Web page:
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Heart full of gratitude

Organ recipient to speak about her experience, new book

Cindy Scinto is still going strong, and that’s quite an accomplishment.

The Spokane woman received a heart transplant in 2005 after she had had so many near-fatal heart attacks she said her doctors stopped counting. Her own heart was patched up and failing rapidly. Then Danielle Martinez died, and her 28-year-old heart was transplanted into Scinto’s 44-year-old chest. From then on, things began to look a lot better for Scinto.

On Sunday, she’ll be reading from her new book, “A Heart Like Mine” at Mt. Spokane Church, where she’ll also talk about the importance of being an organ donor and how harboring someone else’s heart changes you.

“You can’t get up in the morning and not think of the person whose heart is beating in your chest,” said Scinto. In March, she met Martinez’s mom, Charlotte Cano, for the first time. “We are like family today,” said Scinto, adding that they talk every week. Cano, who lives on the west side of the state, will attend the reading Sunday.

It hasn’t been all smooth sailing since Scinto got Martinez’s heart. She recently had to quit her job at a publishing company after a combination of too much work stress, medication and eating too many peaches almost killed her.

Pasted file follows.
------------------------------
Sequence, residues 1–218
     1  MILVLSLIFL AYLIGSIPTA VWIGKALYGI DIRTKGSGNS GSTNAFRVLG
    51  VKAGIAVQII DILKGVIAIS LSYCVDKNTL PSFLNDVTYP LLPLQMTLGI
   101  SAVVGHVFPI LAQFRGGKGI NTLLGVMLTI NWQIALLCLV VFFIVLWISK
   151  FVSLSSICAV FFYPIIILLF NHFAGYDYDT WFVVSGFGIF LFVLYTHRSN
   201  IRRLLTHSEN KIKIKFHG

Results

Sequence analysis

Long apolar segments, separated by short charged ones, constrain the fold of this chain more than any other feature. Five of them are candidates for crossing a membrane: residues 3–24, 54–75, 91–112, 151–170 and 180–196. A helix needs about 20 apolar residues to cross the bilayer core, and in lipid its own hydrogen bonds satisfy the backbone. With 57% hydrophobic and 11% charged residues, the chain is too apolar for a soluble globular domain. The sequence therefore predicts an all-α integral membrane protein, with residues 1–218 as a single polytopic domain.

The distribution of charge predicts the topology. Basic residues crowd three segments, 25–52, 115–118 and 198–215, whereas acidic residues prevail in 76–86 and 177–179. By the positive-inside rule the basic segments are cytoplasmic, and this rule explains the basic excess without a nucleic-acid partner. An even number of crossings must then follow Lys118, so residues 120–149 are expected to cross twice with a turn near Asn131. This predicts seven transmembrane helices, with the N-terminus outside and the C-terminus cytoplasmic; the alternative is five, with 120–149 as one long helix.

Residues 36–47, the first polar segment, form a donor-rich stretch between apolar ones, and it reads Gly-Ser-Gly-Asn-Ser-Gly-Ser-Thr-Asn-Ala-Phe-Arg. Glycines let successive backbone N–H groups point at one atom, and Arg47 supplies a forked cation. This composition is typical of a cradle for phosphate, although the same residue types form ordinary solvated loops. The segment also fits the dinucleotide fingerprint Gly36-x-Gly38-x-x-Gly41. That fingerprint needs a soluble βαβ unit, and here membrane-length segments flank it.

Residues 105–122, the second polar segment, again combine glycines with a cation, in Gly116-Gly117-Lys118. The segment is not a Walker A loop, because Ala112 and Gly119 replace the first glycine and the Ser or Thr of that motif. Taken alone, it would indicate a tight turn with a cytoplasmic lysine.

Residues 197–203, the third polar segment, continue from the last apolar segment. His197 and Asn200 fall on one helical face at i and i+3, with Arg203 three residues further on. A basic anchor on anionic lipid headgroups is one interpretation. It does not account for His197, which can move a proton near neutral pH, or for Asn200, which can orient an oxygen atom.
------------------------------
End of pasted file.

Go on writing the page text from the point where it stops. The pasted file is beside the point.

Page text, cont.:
“Yes, too many peaches. I figured I was having a heart attack,” said Scinto, who was driving home when it happened. It turned out she was experiencing temporary kidney failure.

“Something about the potassium in the peaches and one of my medicines acted up,” Scinto said, in her matter-of-fact way. “I was stuck in traffic, praying I’d get out of it in time, and hey, here I am, I survived again.”

Her faith has clearly helped her through one medical crisis after another.

Pastor Bob Smith of Mt. Spokane Church heard of Scinto before he met her.

“She had given a copy of her book to a church member, and I borrowed it. It just blew me away,” Smith said. “As a pastor, I felt the book, beyond Cindy’s incredible story of survival, also shares a great depth of spiritual insight.” Smith added that a nurse from the church came up with the idea to invite local health clinics to perform free screenings at the event.

Scinto’s many friends have helped her stay positive as well – including Robin Walter, who made a quilt in Scinto’s honor.

“They didn’t tell me what was going on,” said Scinto, about how a group of friends invited her to visit the A Heart Like Mine quilt shop in Spokane Valley. “It was a surprise party and the quilt was there – it was just so beautiful.”

Walter recently made an addition to the quilt.

“Cindy asked me to add a piece to the quilt to remember Charlotte (Cano),” Walter said. The quilt will be on display at Mt Spokane Church on Sunday.

Scinto continues to volunteer for the American Heart Association, and she’s an avid promoter of organ donation.

“Some people don’t register as organ donors, it’s like they think ‘what’s one more person?’ ” Scinto said.

“There are so many people waiting for organs. And I am grateful that I got a heart and got to see my son grow up.”